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What David Is Reading

Merchants of Debt:

KKR AND THE MORTGAGING OF AMERICAN BUSINESS
George Anders

It can be really fun to read the “history” of something that is still going today, bigger and stronger than ever, yet the “history” was written almost thirty years ago.  The origins of private equity behemoth started in the 1960’s, and this book was written in the early 1990’s, which means there was plenty to cover about KKR’s formation and first couple decades of existence when this was written, but I as a reader get to take it in knowing another ~30 years of history that the author didn’t know.  All in all, the book was utterly fascinating, the warnings about leveraged buyouts comical to read in the context of what actually happened with interest rates, and the historical detail well worth the read.  The demonization and misunderstanding of private equity is likely not going anywhere, but nor is private equity’s unmistakably positive contributions to our economy and quality of life.

WHO SAYS ELEPHANTS CAN’T DANCE?

Louis V. Gerstner, Jr.

The only thing I love more than a really good CEO memoir is a really good CEO memoir that the CEO actually wrote him or herself, sans ghostwriter. Gerstner is no longer with us but what he did for IBM in the 1990’s is one of the top five CEO legendary stories of all time, and his own raw memoir of his run there did not disappoint. Should be required business school reading, to the extent business schools still care about teaching one what it means to do business.

THE CAESAR’S PALACE COUP

Max Frumes and Sujeet Indap

You couldn’t make up an idea for a book that would suck me in more than this.  Private Equity investors in a brawl with junior debtholders over one of the largest Las Vegas conglomerate of assets in the world.  Lawyers.  Lawsuits.  Wall Street.  Capital structure.  Each side firmly convinced it is their ethical duty to get a pound of flesh out of the other side.  A fiduciary duty to equity investors.  The legal hierarchy of debtholders.  All wrapped in a well-written narrative and story about one of the most bizarre legal and financial stories of the last decade.  A stunning story with a who’s who of Wall Street cast.

THE ARISTOCRACY OF TALENT:

HOW MERITOCRACY MADE THE MODERN WORLD
Adrian Woolridge

The book was almost depressing just in the sense of how it captures the assault of meritocracy currently taking place by culture warriors of both the left and the right.  The book acknowledges some realities that a high value on merit, work, talent, and intelligence mean in the society, but dares to point out the scariest thing we face as a culture: Hint: It’s not more meritocracy, but rather, what we would face if we got rid of it!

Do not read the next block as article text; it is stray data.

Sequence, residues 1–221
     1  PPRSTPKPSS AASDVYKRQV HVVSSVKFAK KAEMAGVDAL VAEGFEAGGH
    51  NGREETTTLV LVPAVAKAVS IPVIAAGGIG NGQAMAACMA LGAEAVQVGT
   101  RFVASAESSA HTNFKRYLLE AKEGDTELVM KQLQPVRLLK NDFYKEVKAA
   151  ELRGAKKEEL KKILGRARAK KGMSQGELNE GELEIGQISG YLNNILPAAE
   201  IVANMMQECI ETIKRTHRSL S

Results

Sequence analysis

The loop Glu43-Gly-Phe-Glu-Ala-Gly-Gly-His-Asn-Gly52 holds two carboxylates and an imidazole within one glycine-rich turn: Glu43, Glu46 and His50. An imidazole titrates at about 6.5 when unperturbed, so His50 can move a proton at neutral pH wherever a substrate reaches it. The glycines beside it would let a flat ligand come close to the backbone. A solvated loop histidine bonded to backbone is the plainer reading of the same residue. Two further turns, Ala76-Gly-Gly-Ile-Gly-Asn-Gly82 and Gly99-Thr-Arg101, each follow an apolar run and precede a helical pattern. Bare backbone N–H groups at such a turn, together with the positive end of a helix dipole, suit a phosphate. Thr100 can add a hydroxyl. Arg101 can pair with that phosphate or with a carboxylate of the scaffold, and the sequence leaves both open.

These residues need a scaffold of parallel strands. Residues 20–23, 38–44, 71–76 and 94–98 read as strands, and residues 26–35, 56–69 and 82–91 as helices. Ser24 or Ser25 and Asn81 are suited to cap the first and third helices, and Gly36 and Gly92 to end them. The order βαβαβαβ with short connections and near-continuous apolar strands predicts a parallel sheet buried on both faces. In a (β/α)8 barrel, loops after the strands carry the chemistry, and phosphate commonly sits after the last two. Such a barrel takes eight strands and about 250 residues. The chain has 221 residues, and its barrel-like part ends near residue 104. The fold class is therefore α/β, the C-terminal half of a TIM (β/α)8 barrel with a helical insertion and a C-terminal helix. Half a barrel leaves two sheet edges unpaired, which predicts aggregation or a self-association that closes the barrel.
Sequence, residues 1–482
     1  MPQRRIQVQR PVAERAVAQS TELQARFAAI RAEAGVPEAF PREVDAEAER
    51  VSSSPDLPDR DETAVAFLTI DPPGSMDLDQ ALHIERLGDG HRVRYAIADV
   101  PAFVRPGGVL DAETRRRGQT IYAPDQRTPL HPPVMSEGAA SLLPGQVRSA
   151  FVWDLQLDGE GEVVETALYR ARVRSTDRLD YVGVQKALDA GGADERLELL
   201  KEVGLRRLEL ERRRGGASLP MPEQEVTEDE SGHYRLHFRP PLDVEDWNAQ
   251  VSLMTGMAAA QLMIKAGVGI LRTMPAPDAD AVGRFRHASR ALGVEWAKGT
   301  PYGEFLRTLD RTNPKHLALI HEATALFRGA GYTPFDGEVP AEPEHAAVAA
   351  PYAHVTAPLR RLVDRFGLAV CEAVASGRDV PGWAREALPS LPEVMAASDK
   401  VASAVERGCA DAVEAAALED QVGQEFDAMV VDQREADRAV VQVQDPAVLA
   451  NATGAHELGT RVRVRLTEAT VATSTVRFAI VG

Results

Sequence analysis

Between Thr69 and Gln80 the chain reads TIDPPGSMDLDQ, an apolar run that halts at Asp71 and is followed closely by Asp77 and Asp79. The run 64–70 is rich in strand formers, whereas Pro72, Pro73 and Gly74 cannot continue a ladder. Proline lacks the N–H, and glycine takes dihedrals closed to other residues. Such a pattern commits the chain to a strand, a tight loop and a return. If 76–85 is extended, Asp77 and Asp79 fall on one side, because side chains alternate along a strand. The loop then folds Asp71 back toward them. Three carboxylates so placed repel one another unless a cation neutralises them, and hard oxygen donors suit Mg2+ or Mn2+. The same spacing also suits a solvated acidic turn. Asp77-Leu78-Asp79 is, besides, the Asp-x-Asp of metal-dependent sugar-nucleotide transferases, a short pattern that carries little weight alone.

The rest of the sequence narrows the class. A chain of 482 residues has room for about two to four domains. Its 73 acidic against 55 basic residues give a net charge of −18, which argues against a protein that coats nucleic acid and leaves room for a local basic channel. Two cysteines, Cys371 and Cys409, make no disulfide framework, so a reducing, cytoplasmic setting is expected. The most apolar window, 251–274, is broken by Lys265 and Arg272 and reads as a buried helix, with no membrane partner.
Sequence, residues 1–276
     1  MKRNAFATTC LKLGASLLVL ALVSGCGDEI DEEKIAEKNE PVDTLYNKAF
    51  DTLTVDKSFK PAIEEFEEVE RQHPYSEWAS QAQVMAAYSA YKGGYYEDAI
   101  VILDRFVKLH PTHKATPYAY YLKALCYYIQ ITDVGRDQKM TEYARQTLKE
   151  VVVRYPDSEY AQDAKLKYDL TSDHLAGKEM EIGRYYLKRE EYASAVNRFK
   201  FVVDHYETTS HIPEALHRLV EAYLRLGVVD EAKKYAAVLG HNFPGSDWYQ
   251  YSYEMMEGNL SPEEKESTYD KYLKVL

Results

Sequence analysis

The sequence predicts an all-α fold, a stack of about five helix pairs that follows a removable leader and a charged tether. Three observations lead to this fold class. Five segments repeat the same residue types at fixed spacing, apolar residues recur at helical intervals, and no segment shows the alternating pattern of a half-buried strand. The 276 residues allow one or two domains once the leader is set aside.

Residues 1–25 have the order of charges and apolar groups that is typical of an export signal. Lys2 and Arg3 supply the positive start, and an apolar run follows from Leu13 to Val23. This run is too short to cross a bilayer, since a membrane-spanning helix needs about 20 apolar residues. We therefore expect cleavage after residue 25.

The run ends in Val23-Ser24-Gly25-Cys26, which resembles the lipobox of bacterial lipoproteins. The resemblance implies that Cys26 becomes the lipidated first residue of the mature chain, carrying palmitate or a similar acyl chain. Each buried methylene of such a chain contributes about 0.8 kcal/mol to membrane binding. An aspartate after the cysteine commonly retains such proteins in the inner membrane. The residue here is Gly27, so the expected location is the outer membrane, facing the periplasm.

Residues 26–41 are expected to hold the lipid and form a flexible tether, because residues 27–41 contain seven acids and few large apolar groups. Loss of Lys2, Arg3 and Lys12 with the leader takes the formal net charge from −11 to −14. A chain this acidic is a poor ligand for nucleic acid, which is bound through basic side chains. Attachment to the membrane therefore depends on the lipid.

Always A Good Idea

THE CASE FOR DIVIDEND GROWTH

INVESTING IN A POST-CRISIS WORLD
David L. Bahnsen

It wouldn’t make sense for me to have a recommended investing book list and not include the book that serves as the core investing philosophy of The Bahnsen Group!

THE INTELLIGENT INVESTOR

Benjamin Graham

The grandfather of value investing, Warren Buffett’s mentor, and the best explainer in history of buying a risk asset at a discount to the sum of its future cash flows!  Reading is believing …

FOOLED BY RANDOMNESS

Nassim Taleb

Not just in the investing world but in all of life, human nature causes us to mentally construct reasons and patterns for success, and allows us to be fooled by randomness, often to our own demise.  Chance, therefore, favors preparation.  And the quality of a choice can not be judged by the result – not if you care about the next time.

STOCKS FOR THE LONG RUN

Jeremy Siegel

More historical data than you may have signed up for, but this is a perfectly comprehensible book about the long-term reality of equity returns vs. other asset classes, and why that may be (i.e. the nature of the equity risk premium).  By long term, I mean, over 200 years of research is laid bare to make the case for a long-term equity bias.

ECONOMICS IN ONE LESSON

Henry Hazlitt

I can’t tell you how useful this book was to me at a very, very young age, in forming basic economic principles and understandings that would shape the foundation of what I believe about economic law and reality.

THE ESSAYS OF WARREN BUFFETT

LESSONS FOR CORPORATE AMERICA
Warren Buffett

This collection of essays from the oracle of Omaha, written over many decades, has become a vital addition to the libraries of not just investment advisors but corporate managers and business entrepreneurs.  Tremendous insights proven true over the test of time.

EXTRAORDINARY POPULAR DELUSIONS AND THE MADNESS OF CROWDS

Charles Mackay

If you are not a contrarian investor before you read this book, you will be after you read this book.  A historical instructive through the realities of human psychology and group think, and the disastrous investment results that can come about from those realities.

HUMAN ACTION

Ludwig Von Mises

It may be more philosophical than it is investment-application, but so much of my understanding of capital markets comes from my understanding of basic economics.  And this book many years ago taught me to understand human action as the core to understanding economics.  The calculations that serve at the core of human reasoning ultimately drive prosperity (and the preservation of civilization itself).  A few sentences can’t do justice to the richness of wisdom and profundity in this book.

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